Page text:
The comments come off the heels of a Friday media session with team owners John Henry and Tom Werner where the two stated that they were prepared to cut payroll to get under the luxury-tax threshold next season.
The Red Sox have had baseball’s highest payroll for two consecutive seasons, exceeding the competitive balance threshold of $208 million in each of those seasons.
Doing so for a third straight season would see an astronomical rise of the taxes.
“We need to be under the CBT,” Henry said on Friday.
“We will continue to demonstrate a willingness to go over the CBT,” Kennedy said. “It is going to be a challenging offseason, but we are going to attack it.”
“We absolutely love Mookie Betts as a player, as a person,” Kennedy said. “We’ve gotten to know his family. You hope that he’s a guy that is here for the long term.”
Kennedy also added that he took no offense at the idea of Betts testing the free agent market this upcoming winter.
“I think it speaks to Mookie’s confidence and how special of a player he is,” Kennedy said of Betts’ potential testing of the market.
“He really does love it here. He told me he loves it here. … You can see with the joy and energy and enthusiasm in which he approaches playing baseball at Fenway Park — the fans love him.”
Kennedy also lauded the performance of Martinez, while also pointing out his importance to the team’s success.
“You want J.D. Martinez in the middle of your lineup,” Kennedy said. “He’s a world champion and was a key part of last year’s success, so we will see where it goes in the future.”
The Red Sox have a lot of work to do this offseason, and it may include losing Martinez, or Betts, or potentially both as they look to drop payroll.
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Red Sox Fire Dave Dombrowski
The Boston Red Sox have fired president of baseball operations Dave Dombrowski one year after winning the World Series, according to ESPN’s Jeff Passan.
The Red Sox fired Dombrowski, 63, on Sunday and they will elevate senior vice president Raquel Ferreira and assistant general managers Eddie Romero, Brian O’Halloran and Zack Scott to jointly lead their baseball operations department for the remainder of the 2019 season.
Dombrowski was hired back in August 2015 and was the architect of the World Series Championship team in 2018.
Dombrowski made some major moves during his tenure, such as trading for Chris Sale and Craig Kimbrell, signing J.D. Martinez and David Price, and hiring manager Joey Cora.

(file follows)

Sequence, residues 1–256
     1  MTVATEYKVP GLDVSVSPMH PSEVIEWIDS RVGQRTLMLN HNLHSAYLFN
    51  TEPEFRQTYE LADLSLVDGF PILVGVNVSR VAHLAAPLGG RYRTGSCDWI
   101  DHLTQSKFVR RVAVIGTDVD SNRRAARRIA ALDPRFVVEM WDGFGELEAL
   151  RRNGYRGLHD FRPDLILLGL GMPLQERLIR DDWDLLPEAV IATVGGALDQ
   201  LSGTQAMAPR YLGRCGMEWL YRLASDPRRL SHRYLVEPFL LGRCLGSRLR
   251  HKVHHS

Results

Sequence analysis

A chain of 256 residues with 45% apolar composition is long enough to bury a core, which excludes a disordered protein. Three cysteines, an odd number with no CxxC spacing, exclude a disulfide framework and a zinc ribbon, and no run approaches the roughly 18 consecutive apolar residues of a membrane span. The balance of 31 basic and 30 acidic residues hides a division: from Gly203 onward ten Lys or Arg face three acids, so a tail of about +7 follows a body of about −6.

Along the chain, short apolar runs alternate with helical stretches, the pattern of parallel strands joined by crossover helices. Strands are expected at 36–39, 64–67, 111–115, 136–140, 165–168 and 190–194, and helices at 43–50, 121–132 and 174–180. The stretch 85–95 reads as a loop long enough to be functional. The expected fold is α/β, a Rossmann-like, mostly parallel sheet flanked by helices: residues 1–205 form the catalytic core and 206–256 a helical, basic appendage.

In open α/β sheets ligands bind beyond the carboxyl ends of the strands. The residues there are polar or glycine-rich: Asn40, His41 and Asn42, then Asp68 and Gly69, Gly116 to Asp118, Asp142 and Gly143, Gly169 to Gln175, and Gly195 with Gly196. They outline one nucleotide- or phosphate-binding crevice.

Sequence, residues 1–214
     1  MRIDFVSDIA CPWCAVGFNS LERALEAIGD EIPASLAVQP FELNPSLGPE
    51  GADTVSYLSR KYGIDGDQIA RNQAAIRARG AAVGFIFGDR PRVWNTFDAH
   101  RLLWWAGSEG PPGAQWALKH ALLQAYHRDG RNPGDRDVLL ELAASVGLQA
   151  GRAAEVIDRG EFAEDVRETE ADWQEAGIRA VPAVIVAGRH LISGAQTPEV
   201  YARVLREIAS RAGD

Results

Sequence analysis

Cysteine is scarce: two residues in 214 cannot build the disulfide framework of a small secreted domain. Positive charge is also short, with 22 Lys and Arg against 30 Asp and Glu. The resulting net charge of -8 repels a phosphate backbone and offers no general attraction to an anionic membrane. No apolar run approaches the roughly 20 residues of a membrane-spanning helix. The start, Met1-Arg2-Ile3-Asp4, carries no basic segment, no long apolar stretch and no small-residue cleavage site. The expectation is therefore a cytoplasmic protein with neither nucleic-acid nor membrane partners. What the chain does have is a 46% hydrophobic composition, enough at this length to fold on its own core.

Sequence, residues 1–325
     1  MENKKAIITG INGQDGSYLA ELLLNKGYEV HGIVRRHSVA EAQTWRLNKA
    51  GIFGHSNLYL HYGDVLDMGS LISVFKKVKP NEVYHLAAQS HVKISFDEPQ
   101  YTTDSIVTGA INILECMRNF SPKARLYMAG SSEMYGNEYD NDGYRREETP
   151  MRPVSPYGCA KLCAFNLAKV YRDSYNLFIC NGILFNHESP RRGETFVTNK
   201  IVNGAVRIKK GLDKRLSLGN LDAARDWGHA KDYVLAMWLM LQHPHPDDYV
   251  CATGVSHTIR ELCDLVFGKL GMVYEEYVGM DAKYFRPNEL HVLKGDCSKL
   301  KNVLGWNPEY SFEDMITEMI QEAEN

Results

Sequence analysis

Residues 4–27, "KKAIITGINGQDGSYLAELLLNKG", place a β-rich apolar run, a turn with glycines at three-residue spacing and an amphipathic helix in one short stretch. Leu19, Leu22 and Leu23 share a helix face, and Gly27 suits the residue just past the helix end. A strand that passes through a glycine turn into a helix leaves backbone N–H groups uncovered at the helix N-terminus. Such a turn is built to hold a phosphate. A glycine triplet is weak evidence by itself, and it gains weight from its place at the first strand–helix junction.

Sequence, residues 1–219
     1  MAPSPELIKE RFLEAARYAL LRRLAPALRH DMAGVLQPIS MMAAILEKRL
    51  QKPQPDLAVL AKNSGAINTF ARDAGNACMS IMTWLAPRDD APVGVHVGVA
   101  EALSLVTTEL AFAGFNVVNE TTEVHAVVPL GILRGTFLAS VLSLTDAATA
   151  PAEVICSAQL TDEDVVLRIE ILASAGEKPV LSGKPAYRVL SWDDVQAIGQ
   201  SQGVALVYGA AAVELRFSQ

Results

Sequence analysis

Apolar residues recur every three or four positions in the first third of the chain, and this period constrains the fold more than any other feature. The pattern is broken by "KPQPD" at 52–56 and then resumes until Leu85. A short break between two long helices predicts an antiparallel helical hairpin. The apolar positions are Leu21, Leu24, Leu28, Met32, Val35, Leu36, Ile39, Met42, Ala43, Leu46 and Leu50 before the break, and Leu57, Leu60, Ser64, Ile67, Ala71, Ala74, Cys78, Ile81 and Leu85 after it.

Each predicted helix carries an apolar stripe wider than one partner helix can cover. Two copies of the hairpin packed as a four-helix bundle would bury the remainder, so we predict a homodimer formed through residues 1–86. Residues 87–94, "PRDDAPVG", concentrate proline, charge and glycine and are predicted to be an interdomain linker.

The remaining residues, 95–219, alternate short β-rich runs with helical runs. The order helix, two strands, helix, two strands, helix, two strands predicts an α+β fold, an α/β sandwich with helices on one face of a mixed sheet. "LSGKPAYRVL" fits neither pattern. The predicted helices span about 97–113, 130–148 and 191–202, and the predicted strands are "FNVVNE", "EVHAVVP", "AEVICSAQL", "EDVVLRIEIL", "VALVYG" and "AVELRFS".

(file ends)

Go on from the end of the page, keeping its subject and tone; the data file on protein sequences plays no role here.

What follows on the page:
“This is a guy that gave me a chance to come here and be a big league manager,” Cora said. “It’s one of those things that caught me. They just told me, so I’m not ready to talk about it.”
An excessive payroll and getting this team back on track will be just some of the tasks that Dombrowski’s successors will have to do.
For all that Dombrowski had accomplished in Boston, he came under scrutiny this season for some of the big moves he missed on, as well as the team’s poor season that has them well out of the division race and 8 games back from the wild card.
Red Sox David Price Blasts Dennis Eckersley
Some feuds just refuse to die, and that seems to be the case with Boston Red Sox pitcher David Price and Hall of Famer Dennis Eckersley, who is a TV analyst for the team, whose feud kicked off around two years ago.
It all started when Eckersley made a comment about Boston lefty Eduardo Rodriguez on air, leading to Price confronting him on the team plane, blocking his path, mocking, and cursing at him as some players applauded.
A few years after the incident, Eckersley made comments about Price during an interview with the Boston Globe that ran on Tuesday.
“I didn’t know how to deal with that. I don’t plan on saying a word to him, I don’t plan on seeing him, never,” Eckersley said. “I don’t really give a — one way or another. I don’t think he really cares one way or the other.”
Price made some not-so-subtle comments, in response, on his Twitter account via some emojis on Wednesday, but unloaded on Eckersley when speaking to the media at Fenway PArk on Wednesday.
“Honestly, I just think it’s trash. He had an unbelievable career and he’s a Hall of Famer,” Price said (h/t ESPN). “I saw his special on MLB Network. It was cool. The one thing that stood out to me was that he had zero former teammates in that interview. Not one talking about him. It was him talking about himself.
“If anybody ever does a special on me after baseball, I won’t need to go on that interview. I will have former teammates. I will have former coaches. He didn’t have that. To me, that’s all you need to know. That tells the story right there.”
It seems that this feud is far from being over.